As the summer wind and noon sun treats orchids in nature different during the summer months, you must also treat indoor and garden orchids differently during the warm months. While many plant owners will move their indoor orchids to the fresh wind and sun of Mother Nature during the summer, precautions should still be exercised. Moisture must be maintained within potted orchids, and many “tough” orchids-such as Cattleyas-can often be watered a day later than normal.
Orchids including oncidiums and phalaenopsis, can normally be watered around twice a week, while also giving them a light mist every day. If wrinkling is noticed in the pseudobulbs, these orchids are likely not getting enough water.
Mid-Day Shade in the Summer
Almost all orchids that have been moved outdoors or are growing outdoors require mid-day shade in the blistering summer months. Grown best in the morning, the eastern light is best followed by dappled shade for the rest of the day, with nearly full shade in the mid-afternoon. Exceptions to this rule include the Cymbidiums, which can withstand full afternoon sun.
Most other orchids, when exposed to noontime sun, will burn and wither. These plants burn easily and will acquire dull yellow and black starched areas. Two such plants, the phalaenopsis and cattleyas, will display a reddish color that will quickly turn to yellow.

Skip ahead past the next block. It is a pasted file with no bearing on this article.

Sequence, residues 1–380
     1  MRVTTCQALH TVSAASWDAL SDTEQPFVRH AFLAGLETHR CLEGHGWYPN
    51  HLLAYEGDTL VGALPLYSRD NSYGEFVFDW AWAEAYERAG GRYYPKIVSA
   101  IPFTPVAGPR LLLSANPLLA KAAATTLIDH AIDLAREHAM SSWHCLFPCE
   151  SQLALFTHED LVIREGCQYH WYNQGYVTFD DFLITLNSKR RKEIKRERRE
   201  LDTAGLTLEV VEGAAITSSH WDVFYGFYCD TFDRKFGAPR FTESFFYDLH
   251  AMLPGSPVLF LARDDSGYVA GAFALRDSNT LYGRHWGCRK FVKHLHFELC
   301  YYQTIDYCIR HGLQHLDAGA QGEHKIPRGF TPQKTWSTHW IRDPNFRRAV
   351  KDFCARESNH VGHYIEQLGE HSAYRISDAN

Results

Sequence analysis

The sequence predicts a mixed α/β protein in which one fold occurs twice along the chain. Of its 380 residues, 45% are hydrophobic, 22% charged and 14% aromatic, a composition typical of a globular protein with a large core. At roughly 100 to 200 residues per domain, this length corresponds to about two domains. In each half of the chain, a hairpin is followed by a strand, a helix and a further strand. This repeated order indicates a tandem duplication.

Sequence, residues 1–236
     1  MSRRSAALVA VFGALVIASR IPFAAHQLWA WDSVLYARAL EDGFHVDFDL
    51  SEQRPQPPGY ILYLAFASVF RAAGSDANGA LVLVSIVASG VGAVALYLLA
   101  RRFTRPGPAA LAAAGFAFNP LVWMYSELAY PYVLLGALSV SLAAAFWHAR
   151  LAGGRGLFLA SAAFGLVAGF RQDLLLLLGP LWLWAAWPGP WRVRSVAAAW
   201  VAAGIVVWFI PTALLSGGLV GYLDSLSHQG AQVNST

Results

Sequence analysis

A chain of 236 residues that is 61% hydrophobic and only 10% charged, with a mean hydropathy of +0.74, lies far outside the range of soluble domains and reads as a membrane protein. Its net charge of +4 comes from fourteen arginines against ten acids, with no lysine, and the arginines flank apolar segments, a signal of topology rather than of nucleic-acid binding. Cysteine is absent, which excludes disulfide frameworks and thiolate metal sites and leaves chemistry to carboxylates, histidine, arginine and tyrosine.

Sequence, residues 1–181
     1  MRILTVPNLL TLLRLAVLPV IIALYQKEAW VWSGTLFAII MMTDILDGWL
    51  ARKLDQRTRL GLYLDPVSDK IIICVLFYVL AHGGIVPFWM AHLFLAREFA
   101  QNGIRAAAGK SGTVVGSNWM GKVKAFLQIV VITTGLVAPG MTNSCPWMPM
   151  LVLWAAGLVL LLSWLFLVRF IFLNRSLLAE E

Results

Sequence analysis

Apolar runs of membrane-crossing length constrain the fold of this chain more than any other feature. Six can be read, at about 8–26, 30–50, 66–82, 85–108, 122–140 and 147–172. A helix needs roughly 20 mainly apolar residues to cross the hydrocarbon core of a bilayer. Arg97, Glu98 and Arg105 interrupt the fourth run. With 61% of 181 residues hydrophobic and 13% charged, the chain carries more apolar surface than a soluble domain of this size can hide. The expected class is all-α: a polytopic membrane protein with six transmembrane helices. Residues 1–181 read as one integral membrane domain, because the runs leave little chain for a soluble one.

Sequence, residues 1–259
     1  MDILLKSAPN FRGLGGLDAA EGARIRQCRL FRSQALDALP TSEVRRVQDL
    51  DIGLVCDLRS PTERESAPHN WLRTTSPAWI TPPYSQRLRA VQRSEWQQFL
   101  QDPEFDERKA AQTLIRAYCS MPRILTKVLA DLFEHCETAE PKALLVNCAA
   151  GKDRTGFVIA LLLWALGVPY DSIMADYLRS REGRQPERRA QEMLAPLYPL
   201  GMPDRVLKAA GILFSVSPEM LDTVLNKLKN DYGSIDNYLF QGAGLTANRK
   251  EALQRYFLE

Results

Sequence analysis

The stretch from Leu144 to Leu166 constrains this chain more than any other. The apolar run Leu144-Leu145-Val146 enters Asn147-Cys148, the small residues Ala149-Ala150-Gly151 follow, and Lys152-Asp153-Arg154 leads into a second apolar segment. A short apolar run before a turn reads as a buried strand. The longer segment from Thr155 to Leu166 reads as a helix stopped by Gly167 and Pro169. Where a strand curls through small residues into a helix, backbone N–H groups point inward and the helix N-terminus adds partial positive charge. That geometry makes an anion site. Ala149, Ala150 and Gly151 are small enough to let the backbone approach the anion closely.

Summer Blooming and Growing
In the summer, many orchids reach their peak blooming season, or the culmination of their blooming. To check a phalaenopsis, cut the flower stem one-half inch from the bottom, if side branches show, the orchid is ready to re-bloom. Once it has bloomed, though, it must be repotted in a bark or bark-and-charcoal orchid mix and recover in a shaded spot for a month. Once fully recovered, the phalaenopsis can be moved back to its original spot. The same process can be practiced for Cattleyas in the summer months.
Other orchids reaching their peak periods in the summer, and requiring ample amounts of water and light, include the paphiopedilum and slipper orchids. They, like the phragmipediums, must be kept moist during the hottest hours of the day, often around noon. The water must be administered, and shade must be given, but not at the expense of any sun light at all, which they need to remain healthy.
If the plants reach an unhealthy state during the hot summer months, due to lack of water, air, or light, a fungus or rot will develop. This can be avoided by increasing air circulation, or by using simple fungicides.